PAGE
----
Thanks for the photo of Chief Ish! I'll be
seeing him in two weeks as I have a pizza at
the Congress when our family heads to the
U.P. for a long weekend of cleaning up the
cottage in time for the summer. I can hardly

Maybe there will be morels on the menu at the
Brownstone like there were last year. Hope
so. So far our morels (from a package) have
not surfaced here in Toronto.

By Beverly, San Jose on Saturday, May 7, 2005 - 04:35 pm:

Hello Charlie:

RE: "Daughters of the American Revolution". Isn't that a society of women who have an ancester that was an original signer of the Declaration of Independence? I hope you enjoy the festivities.

By vlparisian on Saturday, May 7, 2005 - 05:31 pm:

Did anyone else notice the Kabcam shot 6:46 AM(Sharon Smith's site)?
What a view.

Victor - contemplateing turning the computer off to go work in the garage.

By John Peasley on Saturday, May 7, 2005 - 05:51 pm:

Charlie--Interesting to find out Edie is in DAR. Many moons ago my grandmother Lillian O'Niell was Narional Regent of DAR.

By darrell oinas/Saint Johns Michigan on Saturday, May 7, 2005 - 06:48 pm:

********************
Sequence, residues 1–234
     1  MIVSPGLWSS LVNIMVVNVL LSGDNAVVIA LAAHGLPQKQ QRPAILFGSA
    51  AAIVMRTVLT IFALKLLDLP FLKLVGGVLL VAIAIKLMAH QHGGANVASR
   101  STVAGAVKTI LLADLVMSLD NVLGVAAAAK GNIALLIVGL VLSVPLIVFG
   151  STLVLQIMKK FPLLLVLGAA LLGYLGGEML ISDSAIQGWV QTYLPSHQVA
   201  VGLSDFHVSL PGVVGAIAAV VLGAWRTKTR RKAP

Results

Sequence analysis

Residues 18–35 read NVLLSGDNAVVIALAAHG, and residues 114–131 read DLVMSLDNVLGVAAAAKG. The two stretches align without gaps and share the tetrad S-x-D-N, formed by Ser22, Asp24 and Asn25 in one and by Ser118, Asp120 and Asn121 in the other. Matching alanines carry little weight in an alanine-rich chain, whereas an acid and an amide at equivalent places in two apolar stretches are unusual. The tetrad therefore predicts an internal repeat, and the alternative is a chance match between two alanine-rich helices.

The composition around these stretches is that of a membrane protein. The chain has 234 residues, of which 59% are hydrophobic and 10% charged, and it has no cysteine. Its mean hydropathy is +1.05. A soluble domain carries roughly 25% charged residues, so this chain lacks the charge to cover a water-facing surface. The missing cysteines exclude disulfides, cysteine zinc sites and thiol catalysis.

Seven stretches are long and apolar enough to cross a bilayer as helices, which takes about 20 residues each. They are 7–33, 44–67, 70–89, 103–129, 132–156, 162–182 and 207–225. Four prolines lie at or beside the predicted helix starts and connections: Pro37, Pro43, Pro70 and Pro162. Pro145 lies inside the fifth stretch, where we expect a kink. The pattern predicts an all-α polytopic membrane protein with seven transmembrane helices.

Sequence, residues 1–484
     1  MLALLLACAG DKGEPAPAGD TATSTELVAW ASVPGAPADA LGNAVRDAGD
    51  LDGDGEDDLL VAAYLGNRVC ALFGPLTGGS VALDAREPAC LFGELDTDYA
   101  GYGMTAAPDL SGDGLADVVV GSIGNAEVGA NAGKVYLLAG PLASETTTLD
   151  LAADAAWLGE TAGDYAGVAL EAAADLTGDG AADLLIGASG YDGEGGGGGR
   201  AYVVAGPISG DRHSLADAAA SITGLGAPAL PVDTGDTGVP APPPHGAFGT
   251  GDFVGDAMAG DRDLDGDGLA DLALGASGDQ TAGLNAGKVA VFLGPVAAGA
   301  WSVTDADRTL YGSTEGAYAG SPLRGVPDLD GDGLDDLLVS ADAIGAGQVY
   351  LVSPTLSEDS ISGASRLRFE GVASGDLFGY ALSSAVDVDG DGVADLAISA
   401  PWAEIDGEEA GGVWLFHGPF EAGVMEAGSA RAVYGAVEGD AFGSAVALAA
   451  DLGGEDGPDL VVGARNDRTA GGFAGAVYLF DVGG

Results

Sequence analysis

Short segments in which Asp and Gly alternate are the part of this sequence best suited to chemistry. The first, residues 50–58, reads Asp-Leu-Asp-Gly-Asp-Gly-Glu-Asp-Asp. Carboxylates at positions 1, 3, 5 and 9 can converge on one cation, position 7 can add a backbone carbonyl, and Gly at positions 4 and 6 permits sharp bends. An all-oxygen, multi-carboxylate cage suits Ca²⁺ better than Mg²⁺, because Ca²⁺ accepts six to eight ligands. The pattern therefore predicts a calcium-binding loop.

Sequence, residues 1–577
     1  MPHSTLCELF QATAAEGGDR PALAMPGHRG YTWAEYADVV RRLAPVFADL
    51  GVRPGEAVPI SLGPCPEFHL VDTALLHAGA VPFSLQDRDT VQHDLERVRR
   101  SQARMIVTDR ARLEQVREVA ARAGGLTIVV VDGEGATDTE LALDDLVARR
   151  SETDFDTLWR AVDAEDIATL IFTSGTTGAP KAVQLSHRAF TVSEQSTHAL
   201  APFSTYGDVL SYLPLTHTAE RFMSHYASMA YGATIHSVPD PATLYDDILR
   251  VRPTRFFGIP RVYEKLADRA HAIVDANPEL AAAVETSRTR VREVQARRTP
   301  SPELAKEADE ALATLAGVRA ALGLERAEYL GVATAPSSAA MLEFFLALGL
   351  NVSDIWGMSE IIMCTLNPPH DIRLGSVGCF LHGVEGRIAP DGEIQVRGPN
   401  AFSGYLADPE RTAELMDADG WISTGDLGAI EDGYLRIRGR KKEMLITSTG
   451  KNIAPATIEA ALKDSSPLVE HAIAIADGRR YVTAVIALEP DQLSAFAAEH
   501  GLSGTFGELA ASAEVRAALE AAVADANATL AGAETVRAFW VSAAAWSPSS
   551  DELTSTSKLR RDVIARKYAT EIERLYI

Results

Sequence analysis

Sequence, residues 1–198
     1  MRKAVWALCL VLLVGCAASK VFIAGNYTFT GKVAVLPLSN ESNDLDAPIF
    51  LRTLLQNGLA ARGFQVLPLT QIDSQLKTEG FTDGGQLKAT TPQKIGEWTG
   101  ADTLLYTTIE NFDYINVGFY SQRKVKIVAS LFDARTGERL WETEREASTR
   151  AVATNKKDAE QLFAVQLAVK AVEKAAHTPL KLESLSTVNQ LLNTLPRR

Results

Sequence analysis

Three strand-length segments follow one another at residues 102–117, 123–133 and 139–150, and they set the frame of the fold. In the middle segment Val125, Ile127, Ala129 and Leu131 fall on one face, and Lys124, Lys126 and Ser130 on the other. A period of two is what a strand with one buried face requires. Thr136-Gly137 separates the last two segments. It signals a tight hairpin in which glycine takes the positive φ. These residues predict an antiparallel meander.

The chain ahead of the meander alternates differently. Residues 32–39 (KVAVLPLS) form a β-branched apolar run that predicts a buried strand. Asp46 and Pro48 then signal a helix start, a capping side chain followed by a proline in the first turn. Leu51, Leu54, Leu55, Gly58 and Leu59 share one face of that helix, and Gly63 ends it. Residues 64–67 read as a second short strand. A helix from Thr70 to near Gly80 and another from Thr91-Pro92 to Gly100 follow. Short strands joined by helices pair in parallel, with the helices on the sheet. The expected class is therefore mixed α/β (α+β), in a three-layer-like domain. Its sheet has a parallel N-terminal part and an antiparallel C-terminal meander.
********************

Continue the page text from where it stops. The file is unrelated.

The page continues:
I remember when Bishop Baraga was constructed in lake linden, never have stoped at the site is is now due to fact that I had the best closeup view you could have and that was going past it on you way to bootjack in lake linden.

By Ishpeming on Saturday, May 7, 2005 - 08:57 pm:

The name Ishpeming, is Indian in origin and means "heaven" or "high place". I've heard that there are quite a few of these statues scattered around the country. Our "Old Ish" had a face lift done a few years ago.

By Judy Chesaning MI on Saturday, May 7, 2005 - 10:35 pm:

Beverly, San Jose...Daughters of the American Revolution are direct descendents of men who fought in the American Revolution. Lineage must be accurately documented, so it is a rather elite group! There are also Daughters of Union Veterans of the Civil War and a Confederate counterpart. DUVCW membership must be by direct lineage also and documented.

By Dave Elmblad/Kenosha, WI on Friday, July 8, 2005 - 02:01 pm:

I remember when they were installing the Bishop Baraga Statue on the Red Rocks. A fire broke out on the inside of the statue. The middle of the statue is hollow and the material packed in the middle core started burning.